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SANW: S&W Seed to acquire Du Pont Pioneer alfalfa operations and become the sole supplier of alfalfa seed to Du Pont Pioneer. Expected 2015 FY sales from these operations is $25 million with $40 million in 2016


By Ian Gilson, PhD, CFA


S&W Seed (NASDAQ:SANW) announced on December 19, 2014 that it will acquire the alfalfa operations of Du Pont Pioneer. We assume that this is the result of the resumption of the talks that ended in October, 2014. 

The stock reacted strongly to the news in after-market trading and closed up 25% for the day. 

We have made certain assumptions on how the company will finance the cash portion of the deal. These are unlikely to be precise. We are also assuming a quarterly distribution of revenue from the acquisition. These are our assumptions made without any guidance from the company and will be changed as we obtain more information. 

S&W Seed will purchase all of Pioneer's non-GMO alfalfa operations, assets and research facilities. This includes 31 current employees. The cost is $27 million in cash on signing, a $10 million promissory note at 3% interest and $5 million earn-out payable in 3 years. The company will also buy the GMO alfalfa germplasm developed for extending their sales, these apart from those developed by S&W Seed for its varieties, subject to certain (not specified) conditions for $7 million at the end of 2017.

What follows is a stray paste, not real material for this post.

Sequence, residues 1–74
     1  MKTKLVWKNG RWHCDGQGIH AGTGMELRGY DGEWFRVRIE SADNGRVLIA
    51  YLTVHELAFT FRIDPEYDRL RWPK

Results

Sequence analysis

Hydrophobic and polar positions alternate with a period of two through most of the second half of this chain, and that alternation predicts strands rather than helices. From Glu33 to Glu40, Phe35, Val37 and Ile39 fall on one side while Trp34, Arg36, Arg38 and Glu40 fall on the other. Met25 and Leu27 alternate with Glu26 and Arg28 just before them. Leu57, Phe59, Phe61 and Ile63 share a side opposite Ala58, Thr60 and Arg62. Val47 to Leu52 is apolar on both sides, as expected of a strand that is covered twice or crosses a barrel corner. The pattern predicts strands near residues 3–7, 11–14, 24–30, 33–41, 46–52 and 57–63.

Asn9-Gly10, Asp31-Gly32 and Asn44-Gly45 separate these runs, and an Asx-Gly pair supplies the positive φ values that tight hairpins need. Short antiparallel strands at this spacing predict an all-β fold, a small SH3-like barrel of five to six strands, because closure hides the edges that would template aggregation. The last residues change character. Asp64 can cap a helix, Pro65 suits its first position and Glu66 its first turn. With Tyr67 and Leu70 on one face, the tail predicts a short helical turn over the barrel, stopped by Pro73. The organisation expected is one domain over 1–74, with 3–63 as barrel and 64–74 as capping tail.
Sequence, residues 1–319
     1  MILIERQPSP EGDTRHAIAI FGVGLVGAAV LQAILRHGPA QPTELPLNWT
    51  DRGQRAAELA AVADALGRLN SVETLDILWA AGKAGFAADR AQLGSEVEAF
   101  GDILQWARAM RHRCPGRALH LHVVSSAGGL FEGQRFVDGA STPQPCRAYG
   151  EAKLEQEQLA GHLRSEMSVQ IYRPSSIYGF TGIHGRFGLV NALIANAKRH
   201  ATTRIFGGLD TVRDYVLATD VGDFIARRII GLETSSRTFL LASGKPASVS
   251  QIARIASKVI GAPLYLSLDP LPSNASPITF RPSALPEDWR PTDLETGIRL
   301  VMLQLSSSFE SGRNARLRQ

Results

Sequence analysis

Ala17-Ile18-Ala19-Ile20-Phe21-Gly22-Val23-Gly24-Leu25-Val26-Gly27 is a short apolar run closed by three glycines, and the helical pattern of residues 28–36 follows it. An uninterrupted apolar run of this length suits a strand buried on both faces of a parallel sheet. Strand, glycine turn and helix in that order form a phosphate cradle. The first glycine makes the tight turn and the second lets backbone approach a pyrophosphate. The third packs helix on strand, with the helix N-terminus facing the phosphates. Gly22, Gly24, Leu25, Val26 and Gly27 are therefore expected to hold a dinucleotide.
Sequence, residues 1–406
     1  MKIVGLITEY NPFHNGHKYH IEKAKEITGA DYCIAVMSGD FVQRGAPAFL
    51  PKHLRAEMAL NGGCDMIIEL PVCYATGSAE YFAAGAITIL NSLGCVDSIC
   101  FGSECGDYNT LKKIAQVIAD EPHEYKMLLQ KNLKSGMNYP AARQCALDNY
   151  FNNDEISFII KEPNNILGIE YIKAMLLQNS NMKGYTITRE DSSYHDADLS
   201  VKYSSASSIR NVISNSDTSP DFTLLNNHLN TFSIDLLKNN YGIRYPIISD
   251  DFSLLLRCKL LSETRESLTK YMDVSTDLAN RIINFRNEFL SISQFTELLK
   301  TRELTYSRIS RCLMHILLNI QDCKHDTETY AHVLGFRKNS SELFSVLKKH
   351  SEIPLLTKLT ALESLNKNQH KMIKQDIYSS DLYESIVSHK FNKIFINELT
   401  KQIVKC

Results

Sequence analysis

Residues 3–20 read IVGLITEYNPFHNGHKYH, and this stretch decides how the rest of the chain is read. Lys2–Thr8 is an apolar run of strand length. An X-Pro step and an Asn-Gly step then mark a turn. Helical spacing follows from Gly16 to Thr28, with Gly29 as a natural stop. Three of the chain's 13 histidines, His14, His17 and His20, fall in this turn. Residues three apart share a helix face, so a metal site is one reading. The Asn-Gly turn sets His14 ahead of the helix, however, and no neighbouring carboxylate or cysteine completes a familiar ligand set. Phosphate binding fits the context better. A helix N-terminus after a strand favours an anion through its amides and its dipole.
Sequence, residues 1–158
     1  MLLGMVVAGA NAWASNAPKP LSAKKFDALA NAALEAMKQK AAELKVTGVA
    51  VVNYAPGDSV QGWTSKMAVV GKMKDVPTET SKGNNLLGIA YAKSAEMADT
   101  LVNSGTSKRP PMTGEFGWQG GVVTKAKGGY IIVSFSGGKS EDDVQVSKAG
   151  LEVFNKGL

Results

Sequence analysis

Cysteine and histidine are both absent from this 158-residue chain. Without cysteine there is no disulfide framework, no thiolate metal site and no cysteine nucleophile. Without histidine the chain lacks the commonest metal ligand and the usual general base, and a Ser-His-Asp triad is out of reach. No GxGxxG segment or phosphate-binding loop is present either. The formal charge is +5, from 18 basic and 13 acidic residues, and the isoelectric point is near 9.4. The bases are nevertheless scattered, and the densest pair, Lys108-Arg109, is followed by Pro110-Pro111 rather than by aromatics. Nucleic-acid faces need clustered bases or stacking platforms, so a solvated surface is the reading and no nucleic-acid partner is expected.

We are assuming that the $27 million in cash will come from borrowings of $14 million at 4% per year plus $16 million from the sale of equity (or its equivalent such as a convertible) at $4 a share, adding 4 million shares to shares outstanding. Again, this is our current assumption and this will change as more information becomes available. 

The deal includes over 15 seed varieties on the market that generate about $40 million a year in revenue. There are over 60 varieties in development. A seed cleaning and production facility in Idaho is included, which means that S&W Seed now has access to three seed cleaning facilities. There are research facilities in Wisconsin.

Du Pont Pioneer will continue to sell alfalfa seeds through its own sales representatives but they will now be produced by S&W Seed under a ten year exclusive arrangement. It is possible that S&W Seed can leverage its own varieties by selling those to Pioneer. 

We do not know how Pioneer obtained its seed. It is probably through contract growers since no land is included in the deal. Some of the seed varieties may thrive in either the Sam Joaquin or the Imperial valleys, which could well leverage earnings in the future.


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